Book Review

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  Knitting in the Old Way
by Priscilla Gibson-Roberts and Deborah Robson
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Imagine freeing yourself from the tyranny of line-by-line patterns written for somebody else's taste and body shape. I call it "off-road knitting," and that's exactly what Priscilla Gibson-Roberts and Deborah Robson teach in this recently expanded classic.

Hardly Hip
In this era of trendy, glossy books boasting knit-in-an-hour patterns for bikinis and cell phone covers, this book stands out.

Its wide shape and hardcover format make it more reminiscent of a textbook than anything else. And the only illustrations are black-and-white drawings and charts by Gibson-Roberts herself.

Under the Covers
The book aims to teach you a fundamental skill of offroad knitting: How to read and follow your stitches, rather than a specific pattern.

The notion of patterns is replaced by general schematics called "plans." You're shown how to apply your own desired gauge and body measurements to the garment shape, style, and innate proportions.

Reapplying Ancient Techniques
Gibson-Roberts has made a life of studying and preserving traditional ethnic design techniques, and in this book she dissects them all. You're walked through the evolution of sweater shapes, from the early basic blouse and gansey to steeked jerseys, gussets, raglan sleeves, and yokes.

Although the traditional proportions of each garment are diagrammed, they have also been translated into a much easier-to-follow percentage system. All you need is a calculator, your body measurements, and your desired gauge to adapt the garment style for your own use.

Understanding that not all knitters are created alike, the authors show you how to make calculation changes depending on your body type and desired fit.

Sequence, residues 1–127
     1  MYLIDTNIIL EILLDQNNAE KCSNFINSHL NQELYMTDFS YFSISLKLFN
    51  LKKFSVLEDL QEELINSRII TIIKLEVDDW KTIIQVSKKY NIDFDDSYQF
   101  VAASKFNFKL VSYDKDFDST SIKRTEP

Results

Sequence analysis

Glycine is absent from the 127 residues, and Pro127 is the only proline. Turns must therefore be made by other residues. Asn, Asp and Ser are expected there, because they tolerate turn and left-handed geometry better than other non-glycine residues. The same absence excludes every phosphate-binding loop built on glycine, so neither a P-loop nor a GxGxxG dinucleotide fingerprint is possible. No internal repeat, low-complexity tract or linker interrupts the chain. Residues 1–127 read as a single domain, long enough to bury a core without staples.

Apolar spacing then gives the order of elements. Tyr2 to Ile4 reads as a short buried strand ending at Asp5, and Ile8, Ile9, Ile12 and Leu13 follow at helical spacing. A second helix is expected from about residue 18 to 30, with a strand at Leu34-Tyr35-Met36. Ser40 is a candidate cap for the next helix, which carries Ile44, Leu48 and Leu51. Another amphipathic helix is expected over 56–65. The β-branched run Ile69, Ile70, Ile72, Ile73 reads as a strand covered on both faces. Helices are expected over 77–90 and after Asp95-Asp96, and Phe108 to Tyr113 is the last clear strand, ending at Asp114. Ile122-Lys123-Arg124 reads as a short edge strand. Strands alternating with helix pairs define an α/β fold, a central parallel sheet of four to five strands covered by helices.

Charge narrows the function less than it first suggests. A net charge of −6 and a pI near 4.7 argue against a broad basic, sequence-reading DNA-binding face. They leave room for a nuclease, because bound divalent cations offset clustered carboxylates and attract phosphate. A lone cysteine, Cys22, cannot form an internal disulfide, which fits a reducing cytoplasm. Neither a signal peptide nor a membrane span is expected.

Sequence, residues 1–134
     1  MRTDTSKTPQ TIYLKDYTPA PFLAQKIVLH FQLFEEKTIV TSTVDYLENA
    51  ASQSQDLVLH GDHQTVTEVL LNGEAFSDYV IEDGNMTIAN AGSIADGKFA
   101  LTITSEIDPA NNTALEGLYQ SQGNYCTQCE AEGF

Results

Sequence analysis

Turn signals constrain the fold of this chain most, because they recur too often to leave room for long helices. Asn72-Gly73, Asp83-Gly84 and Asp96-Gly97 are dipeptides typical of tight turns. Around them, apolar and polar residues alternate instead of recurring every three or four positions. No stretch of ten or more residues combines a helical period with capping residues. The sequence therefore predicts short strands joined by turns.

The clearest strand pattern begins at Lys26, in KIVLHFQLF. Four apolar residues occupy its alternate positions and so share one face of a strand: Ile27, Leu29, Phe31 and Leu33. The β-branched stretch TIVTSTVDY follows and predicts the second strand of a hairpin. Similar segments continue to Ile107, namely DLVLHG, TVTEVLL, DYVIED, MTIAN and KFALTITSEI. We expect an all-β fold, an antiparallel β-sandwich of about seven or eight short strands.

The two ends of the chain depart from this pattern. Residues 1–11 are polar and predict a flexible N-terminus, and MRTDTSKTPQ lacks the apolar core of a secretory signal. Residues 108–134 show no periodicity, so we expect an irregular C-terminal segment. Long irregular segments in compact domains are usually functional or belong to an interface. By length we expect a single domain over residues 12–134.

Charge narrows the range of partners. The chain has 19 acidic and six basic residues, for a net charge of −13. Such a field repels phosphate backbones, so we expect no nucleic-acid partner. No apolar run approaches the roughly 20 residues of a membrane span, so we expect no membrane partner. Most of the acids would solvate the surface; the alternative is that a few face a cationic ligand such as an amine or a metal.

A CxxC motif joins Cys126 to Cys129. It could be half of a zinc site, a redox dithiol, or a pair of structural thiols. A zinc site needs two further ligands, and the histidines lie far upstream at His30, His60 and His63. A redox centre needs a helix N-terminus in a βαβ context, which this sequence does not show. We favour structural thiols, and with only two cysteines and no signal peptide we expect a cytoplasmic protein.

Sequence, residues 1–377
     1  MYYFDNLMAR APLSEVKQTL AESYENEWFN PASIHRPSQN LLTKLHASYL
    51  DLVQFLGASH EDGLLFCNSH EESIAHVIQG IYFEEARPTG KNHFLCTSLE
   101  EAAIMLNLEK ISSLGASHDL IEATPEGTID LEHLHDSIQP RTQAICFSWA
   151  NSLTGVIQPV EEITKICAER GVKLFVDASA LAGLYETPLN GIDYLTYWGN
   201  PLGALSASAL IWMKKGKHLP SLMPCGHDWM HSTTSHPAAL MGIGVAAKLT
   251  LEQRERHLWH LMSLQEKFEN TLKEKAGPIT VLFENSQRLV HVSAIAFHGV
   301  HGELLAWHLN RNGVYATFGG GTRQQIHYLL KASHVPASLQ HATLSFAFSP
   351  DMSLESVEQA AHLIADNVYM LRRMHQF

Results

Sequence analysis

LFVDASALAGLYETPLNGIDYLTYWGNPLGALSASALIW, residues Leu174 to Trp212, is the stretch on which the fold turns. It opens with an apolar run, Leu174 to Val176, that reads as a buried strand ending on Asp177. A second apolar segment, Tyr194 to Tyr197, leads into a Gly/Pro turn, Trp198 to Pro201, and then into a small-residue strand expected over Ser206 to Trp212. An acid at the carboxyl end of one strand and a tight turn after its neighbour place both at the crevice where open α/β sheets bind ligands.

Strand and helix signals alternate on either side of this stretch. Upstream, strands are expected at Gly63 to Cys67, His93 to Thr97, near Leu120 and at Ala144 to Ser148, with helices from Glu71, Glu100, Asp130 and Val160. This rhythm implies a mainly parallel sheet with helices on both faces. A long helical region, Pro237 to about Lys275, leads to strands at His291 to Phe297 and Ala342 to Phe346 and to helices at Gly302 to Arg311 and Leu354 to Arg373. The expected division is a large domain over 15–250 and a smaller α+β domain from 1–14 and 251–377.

Styles from Around the Globe
Once the essential sweater composition and the basic styles have been unveiled, the authors travel around the globe to show specific ethnic styles and traditions. The color technique section covers ancient techniques from Norway and Sweden, Great Britain, Iceland, Færoe Islands, Samiland, Canada, and America.

The discussion of ethnic texture techniques spans from Denmark to Great Britain, the Netherlands, Ireland, Norway, Austria, and Germany.

You'll also learn about geometric patterning and crochet-enhanced knits.

Beyond the Byline
While the original 1985 version was written solely by Gibson-Roberts, Deborah Robson—technical editor, print designer, and "asker-of-questions"—joined her for this major revision.

Gibson-Roberts—or PGR as she is often called by her fans—has been instrumental in the preservation of textile traditions. She is the author of Simple Socks, Ethnic Socks and Stockings, High Whorling, and Salish Indian Sweaters.

Meanwhile Robson was editor-in-chief of Spin-Off for 12 years and edited Shuttle Spindle & Dyepot for the Handweavers Guild of America.

Be Willing to Work
This book is not for the faint of heart. If you're used to having start-to-finish instructions handed to you, this book might be too heavy.

It takes a little extra time, thought, and effort to take your measurements, knit your gauge swatches, apply the calculations, and create a pattern for yourself. However, you end up with a truly one-of-a-kind garment that will fit you perfectly. Period.

If you're ready for the off-road journey, consider this the most useful knitting textbook you'll ever need. No matter how new or advanced a knitter you are, you're sure to gleam inspiration from these pages.

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